I grabbed my coffee-stained mug of the pile of unwashed dishes and opened the pantry. "We're out of coffee!!" I shouted to no one in particular. "We're out of milk, too," my twelve-year-old said, munching on dry cereal at the counter. I swore under my breath as I opened the fridge. There goes my mother of the year award. I am such a loser.
"Oh and the roaches are back," my sixteen-year-old daughter muttered as she wandered by. As if appearing to prove my daughter's point, a small one scurried across the counter to hide beneath an unwashed dish. We couldn't afford an exterminator. We tried to battle them with various pesticides. Amazing we hadn't been poisoned.
I grabbed my purse. "I'm running to the store." The kids could live on dry cereal, but I couldn't survive without coffee. I was already sweating profusely as I walked to my car through the unbearably muggy, July, Florida heat. I lived in hell.
Money was tight. We had to choose between food or air conditioning. My divorce was finalized a few days before. Worthless. You are absolutely worthless. Two failed marriages. What a joke.
Sunday was suppose to be my day to relax, not run errands. A day to cuddle up with my husband, who was now cuddling up with a much younger and prettier woman. Of course he left you. Look at you. Why would anyone love you?
My world was pretty much zeroed out by the events of the past few months. An ugly breakup followed by bankruptcy. I was practically catatonic. I felt like I was walking through water. The kids were devastated and angry. This was their second time going through this nightmare.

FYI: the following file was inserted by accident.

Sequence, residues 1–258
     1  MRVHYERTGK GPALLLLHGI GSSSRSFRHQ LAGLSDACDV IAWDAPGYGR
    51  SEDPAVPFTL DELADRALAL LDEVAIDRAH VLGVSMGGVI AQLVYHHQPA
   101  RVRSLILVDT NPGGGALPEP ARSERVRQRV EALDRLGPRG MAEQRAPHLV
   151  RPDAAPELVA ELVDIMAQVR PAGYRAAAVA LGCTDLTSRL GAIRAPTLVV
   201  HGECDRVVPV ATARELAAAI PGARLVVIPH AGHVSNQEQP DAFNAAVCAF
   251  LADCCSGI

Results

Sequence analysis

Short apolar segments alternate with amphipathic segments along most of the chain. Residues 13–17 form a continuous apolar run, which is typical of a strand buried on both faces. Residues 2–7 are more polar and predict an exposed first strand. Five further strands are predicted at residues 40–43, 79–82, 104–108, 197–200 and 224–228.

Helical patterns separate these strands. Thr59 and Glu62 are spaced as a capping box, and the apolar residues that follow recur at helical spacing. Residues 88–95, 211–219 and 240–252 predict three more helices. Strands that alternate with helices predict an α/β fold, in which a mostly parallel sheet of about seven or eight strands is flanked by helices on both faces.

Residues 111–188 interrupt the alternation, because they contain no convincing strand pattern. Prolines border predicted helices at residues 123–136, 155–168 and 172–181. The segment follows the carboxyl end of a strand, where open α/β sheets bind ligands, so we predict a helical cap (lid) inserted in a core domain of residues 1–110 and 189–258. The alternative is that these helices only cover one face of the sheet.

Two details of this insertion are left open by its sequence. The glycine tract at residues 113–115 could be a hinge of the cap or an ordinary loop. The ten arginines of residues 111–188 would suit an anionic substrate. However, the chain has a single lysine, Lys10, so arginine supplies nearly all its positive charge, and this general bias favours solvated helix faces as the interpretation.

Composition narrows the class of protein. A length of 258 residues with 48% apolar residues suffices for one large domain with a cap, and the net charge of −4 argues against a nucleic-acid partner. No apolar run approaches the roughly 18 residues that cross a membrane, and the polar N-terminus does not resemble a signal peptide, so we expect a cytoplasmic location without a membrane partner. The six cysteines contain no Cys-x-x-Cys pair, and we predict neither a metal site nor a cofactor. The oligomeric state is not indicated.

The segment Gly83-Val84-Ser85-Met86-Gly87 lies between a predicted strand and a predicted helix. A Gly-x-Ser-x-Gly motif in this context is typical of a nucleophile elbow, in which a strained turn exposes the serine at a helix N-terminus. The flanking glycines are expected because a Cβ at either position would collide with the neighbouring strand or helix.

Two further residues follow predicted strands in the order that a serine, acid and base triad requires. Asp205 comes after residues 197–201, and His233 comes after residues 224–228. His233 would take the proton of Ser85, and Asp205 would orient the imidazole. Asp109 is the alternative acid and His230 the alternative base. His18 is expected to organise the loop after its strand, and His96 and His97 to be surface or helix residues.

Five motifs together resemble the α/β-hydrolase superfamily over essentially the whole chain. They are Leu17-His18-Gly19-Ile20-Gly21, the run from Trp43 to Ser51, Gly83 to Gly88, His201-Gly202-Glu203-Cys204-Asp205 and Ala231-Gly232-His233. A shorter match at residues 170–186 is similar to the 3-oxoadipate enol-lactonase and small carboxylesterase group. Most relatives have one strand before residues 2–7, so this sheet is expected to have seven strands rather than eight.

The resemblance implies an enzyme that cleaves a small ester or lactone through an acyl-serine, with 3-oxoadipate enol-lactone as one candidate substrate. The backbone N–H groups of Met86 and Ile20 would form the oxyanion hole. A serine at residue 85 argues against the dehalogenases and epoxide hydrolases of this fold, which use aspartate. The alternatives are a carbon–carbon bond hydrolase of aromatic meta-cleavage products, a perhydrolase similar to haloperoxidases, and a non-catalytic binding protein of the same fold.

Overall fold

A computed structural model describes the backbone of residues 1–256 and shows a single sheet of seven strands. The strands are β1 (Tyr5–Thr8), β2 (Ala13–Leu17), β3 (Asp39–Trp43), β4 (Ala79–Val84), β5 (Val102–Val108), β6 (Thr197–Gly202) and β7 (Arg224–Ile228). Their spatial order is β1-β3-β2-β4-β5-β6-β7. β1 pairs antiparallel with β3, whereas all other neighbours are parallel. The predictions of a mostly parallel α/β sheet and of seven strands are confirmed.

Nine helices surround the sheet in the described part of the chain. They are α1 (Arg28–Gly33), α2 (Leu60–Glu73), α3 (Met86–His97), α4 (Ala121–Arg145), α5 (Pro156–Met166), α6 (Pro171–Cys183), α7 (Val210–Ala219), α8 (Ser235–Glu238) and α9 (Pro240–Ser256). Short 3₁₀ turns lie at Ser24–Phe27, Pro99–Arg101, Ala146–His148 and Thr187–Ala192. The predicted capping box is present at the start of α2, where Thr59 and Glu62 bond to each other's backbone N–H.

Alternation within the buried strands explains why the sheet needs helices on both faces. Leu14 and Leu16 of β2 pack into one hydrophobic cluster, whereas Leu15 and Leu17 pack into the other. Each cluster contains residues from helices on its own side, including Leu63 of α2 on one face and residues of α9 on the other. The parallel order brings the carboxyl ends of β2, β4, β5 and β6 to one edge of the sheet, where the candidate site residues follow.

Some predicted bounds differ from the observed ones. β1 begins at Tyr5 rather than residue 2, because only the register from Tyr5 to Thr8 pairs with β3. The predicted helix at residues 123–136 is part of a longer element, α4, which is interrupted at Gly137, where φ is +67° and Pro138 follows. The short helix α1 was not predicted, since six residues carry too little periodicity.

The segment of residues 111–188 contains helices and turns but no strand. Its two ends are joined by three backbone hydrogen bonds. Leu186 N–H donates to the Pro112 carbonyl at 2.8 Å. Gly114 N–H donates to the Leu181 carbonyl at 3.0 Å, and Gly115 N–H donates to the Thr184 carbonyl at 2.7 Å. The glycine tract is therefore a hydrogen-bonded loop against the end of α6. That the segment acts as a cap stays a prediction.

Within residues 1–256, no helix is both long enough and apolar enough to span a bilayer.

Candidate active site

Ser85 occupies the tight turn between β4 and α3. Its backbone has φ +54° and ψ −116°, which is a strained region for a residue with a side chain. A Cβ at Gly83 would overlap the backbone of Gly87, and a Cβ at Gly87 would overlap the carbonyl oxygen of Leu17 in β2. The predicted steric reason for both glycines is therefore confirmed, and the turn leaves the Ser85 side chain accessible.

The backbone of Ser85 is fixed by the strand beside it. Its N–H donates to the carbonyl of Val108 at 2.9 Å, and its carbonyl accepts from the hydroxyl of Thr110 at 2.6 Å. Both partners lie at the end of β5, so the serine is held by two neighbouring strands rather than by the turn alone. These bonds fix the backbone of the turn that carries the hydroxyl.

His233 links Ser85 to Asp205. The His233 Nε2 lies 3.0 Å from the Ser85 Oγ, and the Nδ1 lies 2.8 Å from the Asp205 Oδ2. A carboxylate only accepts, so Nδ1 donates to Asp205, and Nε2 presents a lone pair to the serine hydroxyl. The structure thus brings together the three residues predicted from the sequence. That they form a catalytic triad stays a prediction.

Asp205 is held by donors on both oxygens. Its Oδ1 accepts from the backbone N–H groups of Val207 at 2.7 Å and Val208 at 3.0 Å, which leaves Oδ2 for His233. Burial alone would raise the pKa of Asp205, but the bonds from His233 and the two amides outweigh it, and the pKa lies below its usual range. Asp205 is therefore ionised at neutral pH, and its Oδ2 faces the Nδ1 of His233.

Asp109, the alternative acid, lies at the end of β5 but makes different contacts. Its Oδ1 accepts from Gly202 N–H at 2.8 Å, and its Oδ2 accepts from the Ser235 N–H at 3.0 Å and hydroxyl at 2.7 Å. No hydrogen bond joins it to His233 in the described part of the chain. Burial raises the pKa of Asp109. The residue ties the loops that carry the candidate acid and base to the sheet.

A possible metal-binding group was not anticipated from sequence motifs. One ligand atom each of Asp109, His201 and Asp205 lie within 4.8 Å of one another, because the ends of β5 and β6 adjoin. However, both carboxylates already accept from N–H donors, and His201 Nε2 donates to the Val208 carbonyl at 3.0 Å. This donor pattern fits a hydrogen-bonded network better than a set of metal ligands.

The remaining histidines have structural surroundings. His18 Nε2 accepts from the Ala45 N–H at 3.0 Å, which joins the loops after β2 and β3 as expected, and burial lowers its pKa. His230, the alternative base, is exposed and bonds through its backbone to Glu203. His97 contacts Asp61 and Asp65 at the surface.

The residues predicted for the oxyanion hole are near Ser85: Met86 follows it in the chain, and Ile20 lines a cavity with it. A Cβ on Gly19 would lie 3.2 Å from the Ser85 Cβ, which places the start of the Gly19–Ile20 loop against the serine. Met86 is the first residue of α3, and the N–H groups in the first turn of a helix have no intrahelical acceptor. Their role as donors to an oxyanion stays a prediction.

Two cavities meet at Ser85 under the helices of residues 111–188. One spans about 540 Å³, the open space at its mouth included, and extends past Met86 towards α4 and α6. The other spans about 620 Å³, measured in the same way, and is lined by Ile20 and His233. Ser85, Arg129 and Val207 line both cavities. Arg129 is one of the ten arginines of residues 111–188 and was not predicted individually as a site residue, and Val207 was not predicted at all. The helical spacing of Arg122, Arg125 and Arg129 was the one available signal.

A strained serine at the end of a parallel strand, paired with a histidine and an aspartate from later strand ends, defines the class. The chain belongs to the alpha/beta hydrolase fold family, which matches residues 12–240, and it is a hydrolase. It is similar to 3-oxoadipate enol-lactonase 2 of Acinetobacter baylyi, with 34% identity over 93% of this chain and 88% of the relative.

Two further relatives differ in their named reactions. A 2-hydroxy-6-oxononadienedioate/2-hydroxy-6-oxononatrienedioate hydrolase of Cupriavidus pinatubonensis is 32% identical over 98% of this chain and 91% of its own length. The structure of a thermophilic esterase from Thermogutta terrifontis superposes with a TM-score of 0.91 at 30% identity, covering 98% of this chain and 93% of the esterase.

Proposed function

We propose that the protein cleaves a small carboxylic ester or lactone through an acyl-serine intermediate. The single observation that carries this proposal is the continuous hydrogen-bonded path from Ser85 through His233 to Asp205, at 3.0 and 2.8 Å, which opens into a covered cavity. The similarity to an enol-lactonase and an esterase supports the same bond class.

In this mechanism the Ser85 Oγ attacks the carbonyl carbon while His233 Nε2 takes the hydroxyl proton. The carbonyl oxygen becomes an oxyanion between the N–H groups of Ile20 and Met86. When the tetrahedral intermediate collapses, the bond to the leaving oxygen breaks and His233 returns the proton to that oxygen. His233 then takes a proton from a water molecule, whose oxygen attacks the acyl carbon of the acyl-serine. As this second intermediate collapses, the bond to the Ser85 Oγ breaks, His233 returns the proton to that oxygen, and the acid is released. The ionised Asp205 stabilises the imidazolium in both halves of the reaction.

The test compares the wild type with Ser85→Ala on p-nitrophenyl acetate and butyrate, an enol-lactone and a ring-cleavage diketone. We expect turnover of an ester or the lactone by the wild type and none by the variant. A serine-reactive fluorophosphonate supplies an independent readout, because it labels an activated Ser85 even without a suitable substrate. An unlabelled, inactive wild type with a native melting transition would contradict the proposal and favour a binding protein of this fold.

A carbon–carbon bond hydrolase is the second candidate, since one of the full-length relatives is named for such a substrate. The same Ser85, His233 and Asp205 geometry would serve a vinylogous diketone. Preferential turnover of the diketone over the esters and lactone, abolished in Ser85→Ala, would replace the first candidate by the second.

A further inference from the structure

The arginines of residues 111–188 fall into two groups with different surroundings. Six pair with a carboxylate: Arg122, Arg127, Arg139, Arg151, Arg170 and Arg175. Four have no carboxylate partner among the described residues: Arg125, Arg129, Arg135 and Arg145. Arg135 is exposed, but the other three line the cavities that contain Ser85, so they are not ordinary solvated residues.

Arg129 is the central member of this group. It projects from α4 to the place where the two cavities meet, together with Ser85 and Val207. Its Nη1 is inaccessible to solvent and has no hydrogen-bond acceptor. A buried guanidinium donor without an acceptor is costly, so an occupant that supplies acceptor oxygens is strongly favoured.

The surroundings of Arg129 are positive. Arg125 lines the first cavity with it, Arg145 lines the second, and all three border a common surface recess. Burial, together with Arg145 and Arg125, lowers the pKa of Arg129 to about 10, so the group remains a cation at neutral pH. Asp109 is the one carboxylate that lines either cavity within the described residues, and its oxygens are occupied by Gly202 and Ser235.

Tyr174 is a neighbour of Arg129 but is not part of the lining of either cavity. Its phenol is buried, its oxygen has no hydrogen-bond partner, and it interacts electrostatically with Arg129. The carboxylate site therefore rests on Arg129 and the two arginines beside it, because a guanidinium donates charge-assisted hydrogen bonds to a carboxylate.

Fat and forty. Guaranteed to be along forever. Someone once said that at forty, a woman had a better chance of being killed by terrorists than getting married. I had two chances at marriage. Blown them both. And now all I had left were two angry teenagers and loneliness.
On my way to the store, I drove by a little church that I had passed many times before. That day, the church sign said, God Loves You. I sat at a stoplight and stared at the sign. I drove past the church and then decided to come back around the block. God loves me? He'd be the only one.
I turned into the church parking lot and sat there, frozen. I hadn't been in a church for more than twenty years. I slipped in the back door of the church and slid into a pew. The minister was in mid-sentence. "God loves you," he said, looking straight at me. "God loves you." I got up, raced back out to my car, and drove to the store. I couldn't stop crying. I couldn't breathe. God could love me? Me? Hideous, awful, pudgy, unloved, unwanted me?
A few weeks later, I went back to that church and started going sporadically, mostly for the social connection. I made a few friends and once a month we got together at someone's house in the evening to talk about life and pray. One night after a particularly intense discussion, we settled in for a period of silent prayer.
I sensed intense, real, perfect, powerful love layered over all the ugliness. Love in spite of it all. Love unconditional, abundant, and specific. Love of me even though He knew exactly who I really was. He knew everything about me from birth until this moment. He knew my secret dreams and darkest thoughts, yet He still loved me.
This story is an excerpt from When God Happens: True Stories of Modern Day Miracles, from Salem Books, available online and wherever books are sold.